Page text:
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Wordswarms From Years Past


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Adjacent Words

shandygaff
Shang
Shang dynasty
Shang-ch'iu
shanghae
Shanghai
Shanghai dialect
Shanghaied
shanghaier
Shanghaiing
Shangqiu
Shangri la
Shangri-la
Shank painter
shank's mare
shank's pony
Shank-painter
Shankar
Shankbeer
Shanked
Shanker
shankpiece
shanks
shanks' mare
shanks' pony
Shannies
Shannon

Shank definitions

Webster's 1828 Dictionary

SHANK, n.
1. The whole joint from the knee to the ankle. In a horse, th epart of the fore leg between the knee and footlock.
2. The tibia or large bone of the leg; as crooked shanks.
3. The long part of an instrument; as the shank of a key.
The beam or shaft of an anchor.
4. A plant. [bryonia.]

WordNet (r) 3.0 (2005)

n
1: a cut of meat (beef or veal or mutton or lamb) from the upper part of the leg
2: the part of the human leg between the knee and the ankle
3: cylinder forming a long narrow part of something [syn: shank, stem]
4: cylinder forming the part of a bolt between the thread and the head
5: cylinder forming the part of a bit by which it is held in the drill
6: the narrow part of the shoe connecting the heel and the wide part of the sole [syn: shank, waist]
7: lower part of the leg extending from the hock to the fetlock in hoofed mammals [syn: cannon, shank]
8: a poor golf stroke in which the heel of the club hits the ball v
1: hit (a golf ball) with the heel of a club, causing the ball to veer in the wrong direction

Merriam Webster's

I. noun Etymology: Middle English shanke, from Old English scanca; akin to Old Norse skakkr crooked, Greek skazein to limp Date: before 12th century 1. a. the part of the leg between the knee and the ankle in humans or the corresponding part in various other vertebrates b. leg c. a cut of beef, veal, mutton, or lamb from the upper or the lower part of the leg ; shin see beef illustration 2. a straight narrow usually essential part of an object: as a. the straight part of a nail or pin b. a straight part of a plant ; stem, stalk c. the part of an anchor between the ring and the crown see anchor illustration d. the part of a fishhook between the eye and the bend e. the part of a key between the handle and the bit f. the stem of a tobacco pipe or the part between the stem and the bowl g. tang 1 h. (1) the narrow part of the sole of a shoe beneath the instep (2) shankpiece 3. a part of an object by which it can be attached: as a. (1) a projection on the back of a solid button (2) a short stem of thread that holds a sewn button away from the cloth b. the end (as of a drill bit) that is gripped in a chuck 4. a. the latter part of a period of time b. the early or main part of a period of time <11 p.m. on the East coast is merely the shank of the evening on the West coast> 5. slang an often homemade knife shanked adjective II. transitive verb Date: 1927 to hit (a golf ball or shot) with the extreme heel of the club so that the ball goes off in an unintended direction; also to kick (a football) in an unintended direction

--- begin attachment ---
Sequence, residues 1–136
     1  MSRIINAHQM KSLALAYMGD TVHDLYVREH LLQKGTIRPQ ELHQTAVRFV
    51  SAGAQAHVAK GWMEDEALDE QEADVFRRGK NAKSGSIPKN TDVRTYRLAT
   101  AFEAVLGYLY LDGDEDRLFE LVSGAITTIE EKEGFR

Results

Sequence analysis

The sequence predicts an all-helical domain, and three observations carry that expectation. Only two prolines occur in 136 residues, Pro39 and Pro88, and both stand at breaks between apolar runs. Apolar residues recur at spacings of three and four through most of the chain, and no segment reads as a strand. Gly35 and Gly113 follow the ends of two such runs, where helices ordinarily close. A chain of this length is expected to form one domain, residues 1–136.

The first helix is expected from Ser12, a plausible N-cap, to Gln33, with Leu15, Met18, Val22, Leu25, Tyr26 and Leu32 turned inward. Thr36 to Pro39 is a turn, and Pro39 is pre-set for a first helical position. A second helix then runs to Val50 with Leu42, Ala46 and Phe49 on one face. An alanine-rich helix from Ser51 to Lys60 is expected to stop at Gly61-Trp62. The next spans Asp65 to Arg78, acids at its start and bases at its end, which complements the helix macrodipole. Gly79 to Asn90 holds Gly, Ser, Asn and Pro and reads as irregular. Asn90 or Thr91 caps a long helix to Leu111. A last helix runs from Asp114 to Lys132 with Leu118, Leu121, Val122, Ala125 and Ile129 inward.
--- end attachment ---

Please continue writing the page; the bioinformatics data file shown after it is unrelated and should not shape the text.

Oxford Reference Dictionary